News - June 14, 2016

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Beth-Ann Kerber                                                                                                  
Communications & Public Affairs




Rutgers Panelists: Increasing Awareness, Ending Stigma Is Critical in Addressing Perinatal/Postpartum Depression

Former NJ First Lady Mary Jo Codey Shares Her Story, Insights


Dr. Gloria A. Bachmann, professor and interim chair of Rutgers Robert Wood Johnson Medical School's Department of Obstetrics, Gynecology and Reproductive Sciences, and director of its Women's Health Institute, stands with Mary Jo Codey, former First Lady NEW BRUNSWICK, NJ – As many as one in seven women experience postpartum depression, according to a study in JAMA Psychiatry; but despite its frequency and the overwhelming success rates of treatment, the vast majority of women—up to 85 percent—receive no professional treatment for the condition. Experts at a recent forum on perinatal/postpartum depression say a change is long overdue, calling for increased awareness among women and clinicians, advocacy, and systemic changes in the approach to collaborative treatment.

“A Discussion on Postpartum Depression,” an interprofessional education program sponsored by Rutgers Robert Wood Johnson Medical School’s Women’s Health Institute and Robert Wood Johnson University Hospital, aimed to increase awareness of the condition, what women’s health care providers should be looking for in their patients, and the active role they should take in identifying women in need of these services and ensuring they are linked to appropriate care.


“As a maternal health provider and educator, I believe it is imperative for us to bring more light to this issue,” said Dr. Gloria A. Bachmann, director of the Women’s Health Institute and professor and interim chair of the Department of Obstetrics, Gynecology and Reproductive Sciences at Robert Wood Johnson Medical School. “As clinicians, we need to understand the signs, however subtle, of a potential problem and be able to act when we think someone needs help, to get them the help they need. As educators, we need to promote better awareness and education on the issue to future clinicians as a means not only of increasing women’s access to these vital services, but helping reduce the stigma associated with seeking help.”


The hour-long discussion on June 8 was kicked off by a powerful first-person account from Mary Jo Codey, former First Lady of New Jersey, whose advocacy and efforts contributed in no small part to the passage of New Jersey’s Postpartum Depression Screening Bill a decade ago. Codey, who struggled with this devastating condition in conjunction with the birth and pregnancy of her sons, Kevin and Chris, detailed the hopelessness, shame, and fear she felt in the grips of a depression that caused “impulsive, terrifying thoughts” of harming her child and herself that intruded “day and night, all the time.”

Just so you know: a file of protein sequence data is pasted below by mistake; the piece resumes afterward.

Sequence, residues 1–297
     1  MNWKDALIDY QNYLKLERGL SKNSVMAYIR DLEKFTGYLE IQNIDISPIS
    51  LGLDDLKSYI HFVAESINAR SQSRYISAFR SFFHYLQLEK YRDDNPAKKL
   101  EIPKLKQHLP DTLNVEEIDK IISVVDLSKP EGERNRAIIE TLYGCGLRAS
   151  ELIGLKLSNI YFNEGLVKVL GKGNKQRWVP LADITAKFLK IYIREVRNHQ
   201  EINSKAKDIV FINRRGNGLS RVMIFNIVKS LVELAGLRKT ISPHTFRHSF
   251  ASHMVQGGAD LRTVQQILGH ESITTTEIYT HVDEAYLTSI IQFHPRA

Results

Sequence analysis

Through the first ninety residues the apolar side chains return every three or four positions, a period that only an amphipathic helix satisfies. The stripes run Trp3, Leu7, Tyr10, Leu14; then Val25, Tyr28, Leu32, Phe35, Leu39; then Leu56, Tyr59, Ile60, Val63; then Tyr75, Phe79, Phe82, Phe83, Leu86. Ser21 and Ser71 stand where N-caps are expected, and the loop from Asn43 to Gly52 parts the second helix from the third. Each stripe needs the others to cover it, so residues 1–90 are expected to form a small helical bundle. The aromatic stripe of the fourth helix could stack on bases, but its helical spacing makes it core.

Codey said she wasted a lot of time blaming herself for what she believed was a personal failure.


“I was so ashamed. I felt so isolated and alone,” she told the audience, noting that the stigma associated with the condition, and with mental health services in general, is the “biggest battle” that still needs to be faced.


“Stigma is such an important problem—getting people to understand this is a medical problem we need to address and can’t sweep under the rug,” agreed Dr. Matthew Menza, chair of the Department of Psychiatry at Robert Wood Johnson Medical School and one of the panelists at the event. “We really need to be thinking about this from the patient’s point of view. Because of the stigma that still exists, women are afraid and embarrassed to bring it up. It’s a very difficult thing to talk about. We need to work on these issues, in addition to what we can work on systematically as an institution.


“As a system, we need to get people access to appropriate care,” Dr. Menza continued. “There’s a hierarchy of treatment; women need access to people who understand what the appropriate treatment is for their condition and how to step through those treatments.”


In addition to Dr. Menza, the panel featured Dr. Charletta Ayers, chief of the division of general obstetrics and gynecology at the medical school, who served as moderator; Dr. Mayra Cruz Ithier, a fellow in the medical school’s division of maternal-fetal medicine; Kathy Mahoney, perinatal clinical nurse specialist with Robert Wood Johnson University Hospital; Adrienne Simonds, assistant professor of rehabilitation and movement sciences at Rutgers School of Health Related Professions; and Dr. Anthony Tobia, associate professor of psychiatry at the medical school.


They stressed the value of novel initiatives to identify and treat perinatal depression, as well as the importance of empathy and truly listening to patients to help identify individuals who might not necessarily score high on the Edinburgh Postnatal Depression Scale, the standard screening tool, but who still may be in need of services.


In addition, Codey is advocating for the passage of the federal “Bringing Postpartum Depression Out of the Shadows Act,” introduced in the House of Representatives in July 2015 and the Senate in November 2015, which aims to increase and improve screening and treatment for women with perinatal/postpartum depression through state grants designed to expand access to these services.




PHOTO CAPTION: Dr. Gloria A. Bachmann, professor and interim chair of Rutgers Robert Wood Johnson Medical School's Department of Obstetrics, Gynecology and Reproductive Sciences, and director of its Women's Health Institute, stands with Mary Jo Codey, former First Lady of New Jersey and staunch women's health advocate, following a special event on perinatal/postpartum depression.